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  • 25

    Ability and Trait Emotional Intelligence

    K. V. Petrides

    History and Background

    The distal roots of emotional intelligence (EI) can be traced back to the concept of social intelligence, coined by E. L. Thorndike (1920) to refer to the ability to understand and manage people and to act wisely in human relations. Its proximal roots lie in Gardner s work on multiple intelligences and, more specifi cally, in his concepts of intra - personal and interpersonal intelligence. According to Gardner (1999) , interpersonal intelligence denotes a person s capacity to understand the intentions, motivations, and desires of other people and, consequently, to work effectively with others (p. 43). By contrast, intrapersonal intelligence involves the capacity to understand oneself, to have an effective working model of oneself including one s own desires, fears, and capacities and to use such information effectively in regulating one s own life (p. 43).

    As a phrase, EI has been present in the literature for a relatively long time (Leuner, 1966 ), although it was not until later that the construct was introduced in a form that resembles one of its current manifestations (Payne, 1985 ; Salovey & Mayer, 1990 ). EI was propelled into prominence by Goleman s (1995) best - selling book and by a subsequent lead article in Time magazine (Gibbs, 1995 ).

    Theoretical accounts were soon followed by attempts to devise measures to assess the new construct (Bar - On, 1997 ; Mayer, Caruso, & Salovey, 1999 ; Schutte et al., 1998 ). The process of test construction, however, did not consider the fundamental psychometric distinction between measures of typical and maximum performance (Cronbach, 1949 ; Hofstee, 2001 ). Consequently, some measures were based on self - report (e.g. Schutte et al., 1998 ), whereas others attempted to develop items that can be responded to correctly or incorrectly (Mayer et al., 1999 ).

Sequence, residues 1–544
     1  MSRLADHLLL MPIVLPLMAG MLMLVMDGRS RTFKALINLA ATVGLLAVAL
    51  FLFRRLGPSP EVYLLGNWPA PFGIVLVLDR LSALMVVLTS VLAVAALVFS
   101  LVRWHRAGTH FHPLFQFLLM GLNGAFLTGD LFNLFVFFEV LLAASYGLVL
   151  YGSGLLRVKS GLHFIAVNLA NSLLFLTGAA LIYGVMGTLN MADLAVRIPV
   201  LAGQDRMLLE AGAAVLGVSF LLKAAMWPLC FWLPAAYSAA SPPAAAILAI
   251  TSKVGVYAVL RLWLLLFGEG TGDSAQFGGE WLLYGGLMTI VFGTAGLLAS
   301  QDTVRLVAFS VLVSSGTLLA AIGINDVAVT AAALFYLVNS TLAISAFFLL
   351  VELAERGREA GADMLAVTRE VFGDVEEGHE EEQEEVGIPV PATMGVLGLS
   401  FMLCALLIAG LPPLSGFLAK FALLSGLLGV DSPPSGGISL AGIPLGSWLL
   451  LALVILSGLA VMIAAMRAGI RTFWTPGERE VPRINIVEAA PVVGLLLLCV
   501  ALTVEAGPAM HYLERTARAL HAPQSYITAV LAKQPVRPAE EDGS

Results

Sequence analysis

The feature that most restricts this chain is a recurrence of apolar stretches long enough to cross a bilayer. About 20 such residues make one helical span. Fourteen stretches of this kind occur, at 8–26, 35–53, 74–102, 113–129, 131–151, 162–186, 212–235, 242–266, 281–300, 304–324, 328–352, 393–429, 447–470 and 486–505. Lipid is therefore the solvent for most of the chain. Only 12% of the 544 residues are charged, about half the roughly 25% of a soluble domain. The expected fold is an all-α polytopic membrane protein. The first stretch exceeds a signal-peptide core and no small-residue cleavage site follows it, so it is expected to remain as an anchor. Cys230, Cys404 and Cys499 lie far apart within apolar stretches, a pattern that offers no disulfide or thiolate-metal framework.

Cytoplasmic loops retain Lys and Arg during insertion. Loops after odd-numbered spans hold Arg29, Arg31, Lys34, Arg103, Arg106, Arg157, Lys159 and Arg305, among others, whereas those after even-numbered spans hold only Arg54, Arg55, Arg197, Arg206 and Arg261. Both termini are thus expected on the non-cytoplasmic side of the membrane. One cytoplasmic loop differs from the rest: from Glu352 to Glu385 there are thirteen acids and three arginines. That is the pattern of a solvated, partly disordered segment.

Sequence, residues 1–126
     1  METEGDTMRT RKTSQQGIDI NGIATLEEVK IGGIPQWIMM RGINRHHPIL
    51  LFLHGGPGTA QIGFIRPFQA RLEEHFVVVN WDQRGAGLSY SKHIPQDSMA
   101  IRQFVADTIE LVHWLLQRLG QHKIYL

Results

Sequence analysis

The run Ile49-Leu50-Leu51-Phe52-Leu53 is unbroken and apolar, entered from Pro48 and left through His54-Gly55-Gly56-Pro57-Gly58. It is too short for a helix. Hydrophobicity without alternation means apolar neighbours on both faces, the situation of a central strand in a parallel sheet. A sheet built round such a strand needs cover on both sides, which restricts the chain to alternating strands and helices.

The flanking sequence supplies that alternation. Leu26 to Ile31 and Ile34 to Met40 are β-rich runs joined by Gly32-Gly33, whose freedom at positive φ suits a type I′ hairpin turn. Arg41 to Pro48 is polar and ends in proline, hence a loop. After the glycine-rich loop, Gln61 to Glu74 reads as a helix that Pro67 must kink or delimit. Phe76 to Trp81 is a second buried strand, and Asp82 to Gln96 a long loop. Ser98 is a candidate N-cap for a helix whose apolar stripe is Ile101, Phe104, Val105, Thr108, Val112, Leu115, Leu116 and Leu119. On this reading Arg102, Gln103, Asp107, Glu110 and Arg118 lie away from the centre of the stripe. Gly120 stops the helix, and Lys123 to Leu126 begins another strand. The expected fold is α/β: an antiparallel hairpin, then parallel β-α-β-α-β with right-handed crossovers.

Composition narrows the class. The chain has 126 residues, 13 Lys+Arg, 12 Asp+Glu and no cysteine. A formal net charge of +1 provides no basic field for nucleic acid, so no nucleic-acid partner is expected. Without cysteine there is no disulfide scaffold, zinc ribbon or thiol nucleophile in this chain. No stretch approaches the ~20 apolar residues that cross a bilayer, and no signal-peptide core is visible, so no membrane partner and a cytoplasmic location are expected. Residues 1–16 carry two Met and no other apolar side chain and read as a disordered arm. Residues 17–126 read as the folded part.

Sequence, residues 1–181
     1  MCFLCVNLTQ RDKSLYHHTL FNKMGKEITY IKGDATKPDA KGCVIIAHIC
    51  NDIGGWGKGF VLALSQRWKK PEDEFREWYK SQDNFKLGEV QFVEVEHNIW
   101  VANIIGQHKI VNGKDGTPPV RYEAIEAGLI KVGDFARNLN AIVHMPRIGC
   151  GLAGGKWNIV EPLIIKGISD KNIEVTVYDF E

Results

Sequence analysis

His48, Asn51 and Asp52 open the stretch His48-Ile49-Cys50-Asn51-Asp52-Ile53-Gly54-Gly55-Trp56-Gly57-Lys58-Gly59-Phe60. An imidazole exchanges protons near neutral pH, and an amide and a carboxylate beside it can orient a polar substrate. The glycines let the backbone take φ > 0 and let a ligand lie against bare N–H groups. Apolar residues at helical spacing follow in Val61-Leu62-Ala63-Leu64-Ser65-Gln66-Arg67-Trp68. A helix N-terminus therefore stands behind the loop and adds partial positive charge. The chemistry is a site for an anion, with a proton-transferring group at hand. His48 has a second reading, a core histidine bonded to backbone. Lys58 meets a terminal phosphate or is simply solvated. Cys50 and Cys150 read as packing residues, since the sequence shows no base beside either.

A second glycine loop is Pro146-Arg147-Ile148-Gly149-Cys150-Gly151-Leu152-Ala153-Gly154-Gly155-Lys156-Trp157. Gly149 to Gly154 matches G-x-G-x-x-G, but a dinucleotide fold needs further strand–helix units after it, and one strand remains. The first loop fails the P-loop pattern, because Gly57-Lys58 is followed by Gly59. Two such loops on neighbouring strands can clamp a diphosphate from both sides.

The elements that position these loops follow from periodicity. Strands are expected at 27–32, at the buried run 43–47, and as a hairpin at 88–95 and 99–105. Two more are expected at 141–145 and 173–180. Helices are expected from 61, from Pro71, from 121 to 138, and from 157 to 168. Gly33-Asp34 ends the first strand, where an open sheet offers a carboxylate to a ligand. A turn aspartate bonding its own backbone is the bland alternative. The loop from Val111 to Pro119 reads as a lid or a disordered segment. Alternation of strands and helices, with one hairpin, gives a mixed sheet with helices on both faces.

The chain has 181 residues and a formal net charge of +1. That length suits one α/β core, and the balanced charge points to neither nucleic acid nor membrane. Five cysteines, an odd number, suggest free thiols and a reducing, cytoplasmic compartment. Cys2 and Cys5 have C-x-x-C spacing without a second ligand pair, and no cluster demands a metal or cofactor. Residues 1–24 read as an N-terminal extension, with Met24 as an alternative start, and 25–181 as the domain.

Petrides and Furnham (2000, 2001) noted this was problematic because different measurement approaches would almost certainly produce different results, even if the

    The Wiley-Blackwell Handbook of Individual Differences, First Edition. Edited by Tomas Chamorro-Premuzic, Sophie von Stumm, and Adrian Furnham. 2011 Blackwell Publishing Ltd. Published 2011 by Blackwell Publishing Ltd.

  • Ability and Trait Emotional Intelligence 657

    underlying model being operationalized is one and the same. It has since been dem-onstrated, in each and every empirical study investigating this issue, that the various methodologies used in the measurement of EI do not converge (Van Rooy, Viswesvaran, & Pluta, 2005 ; Warwick & Nettelbeck, 2004 ) and that it is imperative to draw a distinction between typical and maximal performance measurement in the fi eld (Freudenthaler & Neubauer, 2007 ).

    Trait EI v ersus a bility EI 1

    Two different EI constructs can be differentiated on the basis of the method of measurement used to operationalize them (self - report, as in personality question-naires, or maximum performance, as in IQ tests; see Petrides & Furnham, 2000, 2001 ). Trait EI (or trait emotional self - effi cacy) concerns emotion - related self - perceptions measured via self - report, whilst ability EI (or cognitive emotional ability) concerns emotion - related cognitive abilities that ought to be measured via maximum - performance tests.